Whitefish Council Denies Fresh Life Church’s Downtown Proposal

City council determines church would not be best fit for downtown corridor

By Tristan Scott
Preliminary design of the Fresh Life Church building in downtown Whitefish. Courtesy rendering

Following another divisive public hearing, Whitefish City Council voted this week to deny a request by Fresh Life Church, the multi-site enterprise that recently sought to augment its rapidly growing real estate portfolio with a new place of worship in the heart of the city’s downtown retail corridor.

The church’s request for a conditional-use permit to construct its building on Central Avenue in Whitefish’s Old Town Historical District, where it proposed a church as well as retail space, met opposition last month from the Whitefish Planning Board, which unanimously recommended denial of the permit due to the project’s failure to comply with portions of the city’s downtown master plan, as well as incongruities with the city’s growth policy and character.

That hearing featured hours of testimony from members of the community who came out on both sides of the issue.

By the time the proposal reached council for final action on Feb. 20, more than 170 written comments had been submitted, with residents weighing in on whether building a church on one of Whitefish’s last parcels of prime retail space on Central Avenue would best serve the community.

Councilor Richard Hildner, who ultimately made the motion to deny the permit, said the building’s proposed retail space was neither compatible with the area’s WB-3 zoning nor its downtown master plan.

Hildner noted that the proposed project gained an enormous amount of attention from community members, with impassioned pleas from his friends and neighbors on both sides of the issue, which forced him to deliberate long and hard before reaching a decision.

Council voted 5-1 to deny the conditional-use permit for an 11,200-square-foot building, leaving Fresh Life Church free to pursue a similar project in another corner of Whitefish that would serve as a better fit.

Opponents cited a litany of concerns, including the church’s tax-exempt status, potential parking problems, traffic congestion, clashes with the city’s downtown character, its growth plan and downtown master plan, and the church’s record of occupying a suite of historic buildings in downtown Kalispell.

The applicant, John Mark Creamer, operations pastor at Fresh Life, addressed many of the concerns expressed in those comments, and made numerous adjustments to the proposal based on recommendations by city planning staff.

Creamer said the project includes 4,500 square feet of retail space that would be owned and operated independent of the church (assuming there were willing buyers) and sit at ground level, while church activities would be confined to an auditorium below ground. He said the added retail space would generate $18,750 in additional revenue for the city’s tax base annually based on the proposed building’s appraised estimated value of $1.5 million.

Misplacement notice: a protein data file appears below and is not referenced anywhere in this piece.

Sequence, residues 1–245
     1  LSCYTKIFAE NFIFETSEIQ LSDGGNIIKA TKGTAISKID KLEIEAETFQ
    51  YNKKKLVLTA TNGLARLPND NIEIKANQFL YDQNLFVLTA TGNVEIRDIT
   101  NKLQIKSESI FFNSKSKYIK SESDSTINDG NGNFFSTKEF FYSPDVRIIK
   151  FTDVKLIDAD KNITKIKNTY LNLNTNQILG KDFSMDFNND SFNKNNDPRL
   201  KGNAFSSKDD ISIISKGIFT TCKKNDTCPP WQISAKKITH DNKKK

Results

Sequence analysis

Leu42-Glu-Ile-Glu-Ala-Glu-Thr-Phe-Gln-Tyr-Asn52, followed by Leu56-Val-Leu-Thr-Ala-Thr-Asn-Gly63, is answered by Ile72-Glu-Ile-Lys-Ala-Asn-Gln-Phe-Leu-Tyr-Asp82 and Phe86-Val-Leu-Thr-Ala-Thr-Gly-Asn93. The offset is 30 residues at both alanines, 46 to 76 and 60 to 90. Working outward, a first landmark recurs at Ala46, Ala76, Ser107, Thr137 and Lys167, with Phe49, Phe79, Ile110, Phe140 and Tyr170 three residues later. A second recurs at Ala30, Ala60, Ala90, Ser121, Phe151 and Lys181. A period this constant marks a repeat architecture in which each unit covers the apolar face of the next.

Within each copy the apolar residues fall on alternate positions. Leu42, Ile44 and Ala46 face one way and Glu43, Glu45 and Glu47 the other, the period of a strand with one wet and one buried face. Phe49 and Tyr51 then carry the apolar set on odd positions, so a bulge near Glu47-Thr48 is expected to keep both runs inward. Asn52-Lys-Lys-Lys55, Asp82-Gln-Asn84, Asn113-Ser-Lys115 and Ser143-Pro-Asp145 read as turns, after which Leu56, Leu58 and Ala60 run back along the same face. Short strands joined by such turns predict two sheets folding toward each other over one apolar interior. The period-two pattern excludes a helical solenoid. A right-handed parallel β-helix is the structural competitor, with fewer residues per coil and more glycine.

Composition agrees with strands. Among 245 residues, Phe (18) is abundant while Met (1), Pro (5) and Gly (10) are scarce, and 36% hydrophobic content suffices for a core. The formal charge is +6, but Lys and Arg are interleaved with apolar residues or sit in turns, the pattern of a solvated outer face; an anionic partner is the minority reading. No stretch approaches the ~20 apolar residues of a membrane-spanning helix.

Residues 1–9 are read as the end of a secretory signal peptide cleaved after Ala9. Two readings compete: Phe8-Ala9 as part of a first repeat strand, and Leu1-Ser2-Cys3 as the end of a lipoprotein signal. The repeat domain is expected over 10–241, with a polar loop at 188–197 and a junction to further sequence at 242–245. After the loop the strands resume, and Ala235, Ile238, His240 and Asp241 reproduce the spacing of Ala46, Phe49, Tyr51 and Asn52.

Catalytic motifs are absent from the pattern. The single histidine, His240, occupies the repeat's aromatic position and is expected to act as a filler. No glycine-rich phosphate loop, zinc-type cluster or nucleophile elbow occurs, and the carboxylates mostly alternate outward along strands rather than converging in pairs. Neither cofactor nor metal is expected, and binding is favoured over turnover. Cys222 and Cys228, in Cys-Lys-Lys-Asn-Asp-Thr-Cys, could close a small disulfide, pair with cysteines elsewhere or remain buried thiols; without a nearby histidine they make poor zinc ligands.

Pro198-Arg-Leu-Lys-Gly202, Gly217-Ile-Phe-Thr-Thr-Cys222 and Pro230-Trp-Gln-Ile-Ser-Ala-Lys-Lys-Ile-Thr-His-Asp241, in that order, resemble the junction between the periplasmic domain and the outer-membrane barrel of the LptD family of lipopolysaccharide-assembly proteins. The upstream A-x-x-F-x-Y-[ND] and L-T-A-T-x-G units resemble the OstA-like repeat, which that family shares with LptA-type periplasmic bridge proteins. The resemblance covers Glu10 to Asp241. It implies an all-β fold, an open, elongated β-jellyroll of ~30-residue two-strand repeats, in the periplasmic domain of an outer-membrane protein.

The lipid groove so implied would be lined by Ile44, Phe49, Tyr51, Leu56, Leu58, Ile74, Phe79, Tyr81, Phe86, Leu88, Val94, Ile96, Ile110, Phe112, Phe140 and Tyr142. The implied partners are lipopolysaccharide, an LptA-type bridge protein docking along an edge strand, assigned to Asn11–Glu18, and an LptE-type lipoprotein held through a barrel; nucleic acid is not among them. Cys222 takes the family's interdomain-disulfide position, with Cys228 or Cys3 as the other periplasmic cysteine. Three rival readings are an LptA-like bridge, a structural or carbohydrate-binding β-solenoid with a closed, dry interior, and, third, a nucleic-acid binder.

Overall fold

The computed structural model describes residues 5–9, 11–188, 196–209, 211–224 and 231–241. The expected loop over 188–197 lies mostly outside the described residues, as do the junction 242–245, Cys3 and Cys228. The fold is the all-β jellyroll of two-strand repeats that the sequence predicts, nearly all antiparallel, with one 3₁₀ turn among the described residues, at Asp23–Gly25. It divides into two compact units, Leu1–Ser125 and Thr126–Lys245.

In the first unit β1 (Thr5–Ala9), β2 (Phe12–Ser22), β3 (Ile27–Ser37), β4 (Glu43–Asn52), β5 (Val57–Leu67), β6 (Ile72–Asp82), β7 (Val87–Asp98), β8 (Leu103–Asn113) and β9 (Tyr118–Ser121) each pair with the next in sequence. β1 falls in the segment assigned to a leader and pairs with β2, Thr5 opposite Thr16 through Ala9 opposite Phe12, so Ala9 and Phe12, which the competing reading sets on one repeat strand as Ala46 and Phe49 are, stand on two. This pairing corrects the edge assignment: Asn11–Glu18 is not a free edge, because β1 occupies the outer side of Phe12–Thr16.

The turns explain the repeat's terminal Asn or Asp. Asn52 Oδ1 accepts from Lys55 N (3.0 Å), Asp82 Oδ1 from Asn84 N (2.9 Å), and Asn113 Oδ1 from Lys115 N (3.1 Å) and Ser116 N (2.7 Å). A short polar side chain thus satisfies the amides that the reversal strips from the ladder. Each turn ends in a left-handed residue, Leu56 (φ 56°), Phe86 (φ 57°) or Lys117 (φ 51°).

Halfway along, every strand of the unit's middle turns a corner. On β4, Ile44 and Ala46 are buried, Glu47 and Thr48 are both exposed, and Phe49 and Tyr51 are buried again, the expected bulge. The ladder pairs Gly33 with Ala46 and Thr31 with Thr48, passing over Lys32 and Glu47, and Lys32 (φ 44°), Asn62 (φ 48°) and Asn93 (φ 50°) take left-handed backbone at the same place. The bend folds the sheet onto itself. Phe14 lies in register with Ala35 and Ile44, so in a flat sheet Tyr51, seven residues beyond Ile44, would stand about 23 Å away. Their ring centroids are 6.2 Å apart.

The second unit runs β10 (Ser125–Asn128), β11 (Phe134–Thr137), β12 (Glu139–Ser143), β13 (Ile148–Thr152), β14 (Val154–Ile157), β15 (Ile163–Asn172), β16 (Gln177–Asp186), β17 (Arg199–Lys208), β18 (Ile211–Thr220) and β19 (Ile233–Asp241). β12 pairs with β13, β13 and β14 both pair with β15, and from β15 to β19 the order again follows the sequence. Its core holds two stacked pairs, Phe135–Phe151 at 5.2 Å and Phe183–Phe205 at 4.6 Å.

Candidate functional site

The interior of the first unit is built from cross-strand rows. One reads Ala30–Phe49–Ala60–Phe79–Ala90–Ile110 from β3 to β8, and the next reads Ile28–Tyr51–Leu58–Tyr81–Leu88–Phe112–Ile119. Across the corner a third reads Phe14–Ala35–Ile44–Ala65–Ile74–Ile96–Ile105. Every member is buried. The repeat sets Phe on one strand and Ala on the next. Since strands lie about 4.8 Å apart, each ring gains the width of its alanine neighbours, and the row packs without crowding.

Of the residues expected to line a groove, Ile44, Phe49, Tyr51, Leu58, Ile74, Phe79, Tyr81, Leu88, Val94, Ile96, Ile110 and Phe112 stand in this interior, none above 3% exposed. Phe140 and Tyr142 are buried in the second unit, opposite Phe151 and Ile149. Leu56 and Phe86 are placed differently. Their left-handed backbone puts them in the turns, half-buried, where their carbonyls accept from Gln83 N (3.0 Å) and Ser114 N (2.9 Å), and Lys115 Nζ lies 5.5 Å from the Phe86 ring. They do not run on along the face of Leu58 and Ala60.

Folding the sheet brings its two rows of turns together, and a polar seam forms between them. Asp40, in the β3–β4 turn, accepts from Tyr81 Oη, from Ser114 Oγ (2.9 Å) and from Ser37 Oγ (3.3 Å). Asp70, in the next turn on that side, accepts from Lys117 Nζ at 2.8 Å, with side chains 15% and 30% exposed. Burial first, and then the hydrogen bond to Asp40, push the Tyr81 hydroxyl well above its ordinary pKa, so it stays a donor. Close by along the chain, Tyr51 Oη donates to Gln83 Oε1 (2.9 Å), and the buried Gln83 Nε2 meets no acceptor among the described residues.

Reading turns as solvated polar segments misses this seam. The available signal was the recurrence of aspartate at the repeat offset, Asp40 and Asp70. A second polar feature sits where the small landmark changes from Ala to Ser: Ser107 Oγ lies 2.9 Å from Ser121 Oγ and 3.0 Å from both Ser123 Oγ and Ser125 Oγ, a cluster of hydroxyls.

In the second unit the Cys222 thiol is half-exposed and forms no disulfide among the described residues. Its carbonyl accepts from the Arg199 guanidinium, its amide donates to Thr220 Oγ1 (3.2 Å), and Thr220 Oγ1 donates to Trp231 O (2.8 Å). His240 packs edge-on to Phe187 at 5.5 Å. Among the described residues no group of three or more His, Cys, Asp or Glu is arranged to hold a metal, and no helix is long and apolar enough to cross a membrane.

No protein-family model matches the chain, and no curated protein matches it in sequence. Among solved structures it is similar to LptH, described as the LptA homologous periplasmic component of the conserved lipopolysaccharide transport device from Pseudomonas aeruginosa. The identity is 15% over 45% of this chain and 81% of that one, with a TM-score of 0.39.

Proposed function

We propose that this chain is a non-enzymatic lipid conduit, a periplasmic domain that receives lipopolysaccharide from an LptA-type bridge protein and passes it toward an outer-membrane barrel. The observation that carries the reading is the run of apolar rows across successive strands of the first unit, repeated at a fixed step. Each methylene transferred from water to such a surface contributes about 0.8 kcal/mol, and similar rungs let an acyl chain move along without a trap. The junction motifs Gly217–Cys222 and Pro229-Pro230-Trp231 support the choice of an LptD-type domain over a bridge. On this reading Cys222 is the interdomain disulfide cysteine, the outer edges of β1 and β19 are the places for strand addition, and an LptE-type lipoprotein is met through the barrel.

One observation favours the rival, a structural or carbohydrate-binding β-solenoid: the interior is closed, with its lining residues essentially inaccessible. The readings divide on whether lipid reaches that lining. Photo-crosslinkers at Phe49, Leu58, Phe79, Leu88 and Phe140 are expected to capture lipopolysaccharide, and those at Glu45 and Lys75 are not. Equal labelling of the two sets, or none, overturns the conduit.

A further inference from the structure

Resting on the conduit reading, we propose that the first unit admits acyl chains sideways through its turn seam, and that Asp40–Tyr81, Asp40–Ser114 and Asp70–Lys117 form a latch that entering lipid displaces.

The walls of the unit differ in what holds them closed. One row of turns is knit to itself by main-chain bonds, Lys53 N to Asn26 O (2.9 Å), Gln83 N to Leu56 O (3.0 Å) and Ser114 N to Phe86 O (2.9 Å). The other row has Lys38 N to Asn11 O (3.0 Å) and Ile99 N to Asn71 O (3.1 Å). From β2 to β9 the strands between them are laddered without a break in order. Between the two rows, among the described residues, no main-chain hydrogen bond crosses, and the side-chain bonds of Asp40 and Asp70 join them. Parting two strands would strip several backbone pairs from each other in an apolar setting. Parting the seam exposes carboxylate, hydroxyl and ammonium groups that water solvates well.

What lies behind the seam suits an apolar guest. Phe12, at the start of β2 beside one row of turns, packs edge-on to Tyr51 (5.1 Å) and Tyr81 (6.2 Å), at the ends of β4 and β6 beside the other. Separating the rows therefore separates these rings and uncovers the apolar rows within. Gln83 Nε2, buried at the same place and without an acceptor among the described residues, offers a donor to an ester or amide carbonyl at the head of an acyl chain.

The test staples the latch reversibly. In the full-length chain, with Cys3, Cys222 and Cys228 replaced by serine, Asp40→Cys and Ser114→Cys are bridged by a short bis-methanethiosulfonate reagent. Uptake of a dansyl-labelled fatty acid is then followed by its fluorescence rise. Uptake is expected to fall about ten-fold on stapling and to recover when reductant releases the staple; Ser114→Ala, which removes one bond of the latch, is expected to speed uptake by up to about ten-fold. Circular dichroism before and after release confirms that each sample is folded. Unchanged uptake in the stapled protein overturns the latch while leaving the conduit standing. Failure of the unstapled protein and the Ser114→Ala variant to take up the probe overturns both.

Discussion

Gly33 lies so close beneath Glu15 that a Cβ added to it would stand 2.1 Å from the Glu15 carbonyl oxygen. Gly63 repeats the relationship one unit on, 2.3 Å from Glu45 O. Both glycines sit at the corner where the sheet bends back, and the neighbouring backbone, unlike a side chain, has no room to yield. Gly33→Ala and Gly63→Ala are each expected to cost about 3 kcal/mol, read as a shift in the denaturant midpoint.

Creamer also noted that Fresh Life Church has held worship services in Whitefish for seven years, both at the Performing Arts Center and at Casey’s Bar, and parking has never been a problem. Rather, he said the influx of congregants has been a boon to downtown.

But during the public hearing, most residents spoke in opposition to the project, including Turner Askew, a former city councilor who said Fresh Life Church would be better suited in an area where it has room to grow, like the U.S. Highway 93 corridor leading into Whitefish.

Tim Murphy, of State Farm Insurance agency, which sits adjacent to the site of the proposed church at 334 Central Ave., most recently occupied by Lakestream Fly Shop, said the high-ticket property should be reserved for a business that better serves the community.

“Is this the highest and best use of the last premium retail spot in downtown?” Murphy said.

Since its establishment in Kalispell in 2007, Fresh Life Church has grown significantly in size and scope. The church, led by Pastor Levi Lusko, who moved to the Flathead Valley from California and formed the church at 25, has acquired multiple properties in downtown Kalispell and expanded to cities across Montana. Within only a few years, the church drew a regular local congregation of roughly 1,500 people.

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